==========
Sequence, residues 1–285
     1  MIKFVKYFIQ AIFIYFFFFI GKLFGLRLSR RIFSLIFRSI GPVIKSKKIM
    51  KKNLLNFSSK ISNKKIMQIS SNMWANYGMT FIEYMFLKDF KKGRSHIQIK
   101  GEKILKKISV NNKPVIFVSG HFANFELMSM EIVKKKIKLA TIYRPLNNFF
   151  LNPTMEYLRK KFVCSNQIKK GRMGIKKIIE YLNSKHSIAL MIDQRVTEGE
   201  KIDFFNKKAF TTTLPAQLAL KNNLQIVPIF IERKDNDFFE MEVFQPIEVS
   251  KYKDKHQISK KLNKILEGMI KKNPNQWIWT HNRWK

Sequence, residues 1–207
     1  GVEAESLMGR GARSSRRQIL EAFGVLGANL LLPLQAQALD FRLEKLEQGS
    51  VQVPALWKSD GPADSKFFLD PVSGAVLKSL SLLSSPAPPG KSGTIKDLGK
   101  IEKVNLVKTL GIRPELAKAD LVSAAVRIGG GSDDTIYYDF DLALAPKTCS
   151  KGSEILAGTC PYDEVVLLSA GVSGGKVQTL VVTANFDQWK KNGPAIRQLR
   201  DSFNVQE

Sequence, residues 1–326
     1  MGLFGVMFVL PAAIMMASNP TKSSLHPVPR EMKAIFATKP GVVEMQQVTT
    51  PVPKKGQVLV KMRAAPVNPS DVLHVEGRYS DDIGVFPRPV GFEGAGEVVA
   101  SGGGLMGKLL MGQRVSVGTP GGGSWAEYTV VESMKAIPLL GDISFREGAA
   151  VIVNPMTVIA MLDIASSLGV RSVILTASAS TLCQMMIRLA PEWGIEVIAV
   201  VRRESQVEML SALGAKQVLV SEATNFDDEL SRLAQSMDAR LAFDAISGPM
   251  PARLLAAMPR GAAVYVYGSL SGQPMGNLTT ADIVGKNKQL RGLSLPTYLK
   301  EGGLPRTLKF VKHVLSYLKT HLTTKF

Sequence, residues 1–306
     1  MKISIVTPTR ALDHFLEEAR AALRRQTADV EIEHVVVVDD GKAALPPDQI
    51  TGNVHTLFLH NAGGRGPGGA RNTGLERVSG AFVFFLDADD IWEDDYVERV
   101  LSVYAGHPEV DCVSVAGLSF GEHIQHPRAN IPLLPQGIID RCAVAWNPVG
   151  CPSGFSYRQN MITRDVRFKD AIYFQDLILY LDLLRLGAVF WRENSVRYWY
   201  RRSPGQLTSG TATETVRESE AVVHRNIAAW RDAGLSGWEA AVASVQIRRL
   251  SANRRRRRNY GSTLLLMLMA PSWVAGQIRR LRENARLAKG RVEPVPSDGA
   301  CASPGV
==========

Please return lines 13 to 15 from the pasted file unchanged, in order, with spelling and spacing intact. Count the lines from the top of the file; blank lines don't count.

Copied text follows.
   201  DSFNVQE

Sequence, residues 1–326
     1  MGLFGVMFVL PAAIMMASNP TKSSLHPVPR EMKAIFATKP GVVEMQQVTT